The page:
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DC Bar Dude Ranch

Page history last edited by Clint Gilchrist 9 years ago

History of the DC Bar Dude Ranch

Judi Myers

July, 1999

 

Cita Jones was, in her daughter's words, a fourteen-year-old rebel and budding debutante when she and three other teenage girls arrived in Wyoming. Their destination was Jack Dew's new dude ranch in the Upper Green River Valley. It was 1926. Jack was only 25 and his youngest brother Ted, acting as guide, was 23. Cita's long train ride from Philadelphia ended in Rock Springs and then came the car ride north. "It had been raining cats and dogs and of course the roads were all dirt back then," said Cita's daughter Peyton. "The vehicle that brought Mummy up sunk and stuck just as it got to the Hill brothers' ranch near Kendall." Richard 'Dick' Dew, Jack's older brother, came out to help and met Cita, the woman he would marry seven years later.

 

Eventually the four teenage girls arrived at the original base camp on Rock Creek. This staging area for Jack Dew's "Girls' Pack Trip Camp" was his brother Pat's homestead. With little delay the girls were taken on a forty-day pack trip into the Wind River Mountains. The idea was a success and Jack booked more girls for the next year. As Jack's nephew, Bob Dew said, "This was strictly a camping operation. The girls pack trip put 'em in business 'cause there wasn't any money. (The five Dew brothers) were all just scratching for a living at the time."

 

Jack moved his headquarters from the temporary camp on Rock Creek to his brother, Frank Dew's, homestead on Wagonfeur Creek. Working together, Jack, Frank and Ted began building cabins in the spring of 1927. The cabin logs were prepared, foundation stones laid and then it only took Frank and Ted about a week to put up a solid cabin.

 

Someone asked Jack once why they didn't do something different, but Jack said, "Hell, they'll last as long as we'll need 'em" and they did. Sometimes it was touch and go to get the cabins done before the dudes arrived. Ted's son again remembers, "My dad said they'd be sweeping the chips out of the door just as the bus with dudes came over the bill. Close timing, but it worked."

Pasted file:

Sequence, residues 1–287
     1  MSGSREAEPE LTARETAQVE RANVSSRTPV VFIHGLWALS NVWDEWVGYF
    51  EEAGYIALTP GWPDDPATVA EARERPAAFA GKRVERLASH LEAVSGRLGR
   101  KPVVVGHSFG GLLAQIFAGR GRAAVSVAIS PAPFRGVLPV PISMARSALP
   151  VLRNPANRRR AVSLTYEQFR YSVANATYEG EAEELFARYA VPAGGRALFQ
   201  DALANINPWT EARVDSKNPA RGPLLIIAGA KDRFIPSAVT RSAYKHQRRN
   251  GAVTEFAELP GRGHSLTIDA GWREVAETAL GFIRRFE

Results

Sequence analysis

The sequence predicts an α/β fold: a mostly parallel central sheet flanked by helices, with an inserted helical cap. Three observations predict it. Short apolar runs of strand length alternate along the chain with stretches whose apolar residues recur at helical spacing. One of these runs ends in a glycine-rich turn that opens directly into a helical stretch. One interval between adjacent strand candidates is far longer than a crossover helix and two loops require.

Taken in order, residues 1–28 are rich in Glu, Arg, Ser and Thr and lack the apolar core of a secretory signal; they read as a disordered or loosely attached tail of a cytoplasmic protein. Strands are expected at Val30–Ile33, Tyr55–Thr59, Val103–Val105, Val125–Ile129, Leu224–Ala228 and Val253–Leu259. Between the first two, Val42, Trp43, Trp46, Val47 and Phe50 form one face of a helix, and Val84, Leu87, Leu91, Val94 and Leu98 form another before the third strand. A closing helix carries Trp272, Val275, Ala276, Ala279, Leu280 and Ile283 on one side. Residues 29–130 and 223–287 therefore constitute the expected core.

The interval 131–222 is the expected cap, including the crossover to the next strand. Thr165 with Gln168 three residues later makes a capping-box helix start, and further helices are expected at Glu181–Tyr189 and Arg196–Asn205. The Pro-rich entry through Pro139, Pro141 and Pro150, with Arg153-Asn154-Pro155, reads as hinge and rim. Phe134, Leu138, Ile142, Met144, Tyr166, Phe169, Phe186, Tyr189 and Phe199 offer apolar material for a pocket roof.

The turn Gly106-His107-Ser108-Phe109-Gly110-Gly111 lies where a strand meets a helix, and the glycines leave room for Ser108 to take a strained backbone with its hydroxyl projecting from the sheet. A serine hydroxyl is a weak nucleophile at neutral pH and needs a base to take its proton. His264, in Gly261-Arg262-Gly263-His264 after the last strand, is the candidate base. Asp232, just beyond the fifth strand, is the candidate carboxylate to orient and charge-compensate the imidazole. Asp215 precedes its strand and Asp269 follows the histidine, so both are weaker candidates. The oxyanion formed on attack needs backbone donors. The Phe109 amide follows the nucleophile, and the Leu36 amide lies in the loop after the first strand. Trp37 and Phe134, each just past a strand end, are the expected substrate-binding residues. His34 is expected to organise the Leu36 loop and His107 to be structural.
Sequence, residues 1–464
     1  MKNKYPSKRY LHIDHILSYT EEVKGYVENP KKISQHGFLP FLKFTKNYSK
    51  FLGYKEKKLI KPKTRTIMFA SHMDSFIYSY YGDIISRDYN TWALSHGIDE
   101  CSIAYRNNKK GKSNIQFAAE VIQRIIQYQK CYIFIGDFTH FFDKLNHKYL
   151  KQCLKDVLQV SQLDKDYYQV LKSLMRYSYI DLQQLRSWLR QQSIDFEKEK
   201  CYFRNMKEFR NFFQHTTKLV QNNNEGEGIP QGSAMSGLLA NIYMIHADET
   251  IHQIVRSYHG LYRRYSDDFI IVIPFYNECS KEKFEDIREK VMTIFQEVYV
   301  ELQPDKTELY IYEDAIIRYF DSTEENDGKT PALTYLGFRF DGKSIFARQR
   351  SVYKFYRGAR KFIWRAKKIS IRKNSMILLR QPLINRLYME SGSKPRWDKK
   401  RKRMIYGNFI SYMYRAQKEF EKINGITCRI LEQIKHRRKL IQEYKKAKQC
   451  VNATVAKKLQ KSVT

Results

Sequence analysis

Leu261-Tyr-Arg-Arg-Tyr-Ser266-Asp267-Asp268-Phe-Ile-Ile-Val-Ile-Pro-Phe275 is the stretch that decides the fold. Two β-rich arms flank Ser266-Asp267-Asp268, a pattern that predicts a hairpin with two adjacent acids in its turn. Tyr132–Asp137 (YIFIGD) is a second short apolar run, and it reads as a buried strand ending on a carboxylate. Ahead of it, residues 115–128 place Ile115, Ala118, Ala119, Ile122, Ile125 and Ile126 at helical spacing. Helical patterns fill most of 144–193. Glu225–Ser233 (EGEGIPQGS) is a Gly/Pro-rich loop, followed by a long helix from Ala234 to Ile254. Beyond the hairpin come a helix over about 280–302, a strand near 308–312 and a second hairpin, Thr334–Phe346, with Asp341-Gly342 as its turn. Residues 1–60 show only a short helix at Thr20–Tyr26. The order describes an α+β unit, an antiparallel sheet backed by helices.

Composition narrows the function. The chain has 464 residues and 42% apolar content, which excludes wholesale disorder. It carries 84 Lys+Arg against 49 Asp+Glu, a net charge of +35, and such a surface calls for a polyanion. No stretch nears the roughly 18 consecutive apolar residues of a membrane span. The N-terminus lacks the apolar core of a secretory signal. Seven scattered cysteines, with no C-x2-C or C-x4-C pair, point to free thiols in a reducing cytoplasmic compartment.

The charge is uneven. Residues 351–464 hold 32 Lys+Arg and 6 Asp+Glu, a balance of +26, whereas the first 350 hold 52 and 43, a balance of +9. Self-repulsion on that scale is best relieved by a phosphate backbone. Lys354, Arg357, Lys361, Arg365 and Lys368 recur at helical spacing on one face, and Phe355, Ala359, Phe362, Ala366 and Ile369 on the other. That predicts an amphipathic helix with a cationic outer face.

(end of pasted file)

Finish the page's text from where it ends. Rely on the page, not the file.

In May, 1928, Jack married Anne Christensen, a Philadelphia dudeen. The DC Bar is named for Dew-Christensen. Jack and Anne purchased the land from Frank and his wife, Betty, in May, 1930. The DC Bar was specializing in month-long ladies' camp trips into the Wind River Mountains. The dudes were also entertained with Sunday rodeos, brandings, dances and picnics.

 

Ted Dew never owned the DC Bar, but he worked there with his brothers from the beginning. Earning $40/ month plus room and board, he was the only person who was at the DC Bar from start to finish. He took out pack trips, built cabins, cooked, and was head honcho wrangler. Old timers agree that the Dew brothers knew how to work. "When (the DC Bar) closed down in the fall," said Ted's son, "dad'd ride herd on the place. Shovel snow off the roofs and such." Ted also ran a trap line to earn cash. After Ted married Elizabeth "Dibs" in November, 1937, she wintered with him.

 

Ted and Dibs's now roofless cabin is still standing. It can be identified by the hole in the middle of the floor. Their daughter Anne said, "I was born in 1939 and my earliest memories are of the DC Bar. I had a tricycle and there was a root cellar in the middle of the floor of our cabin. I was cautioned many times about riding my trike by that cellar door".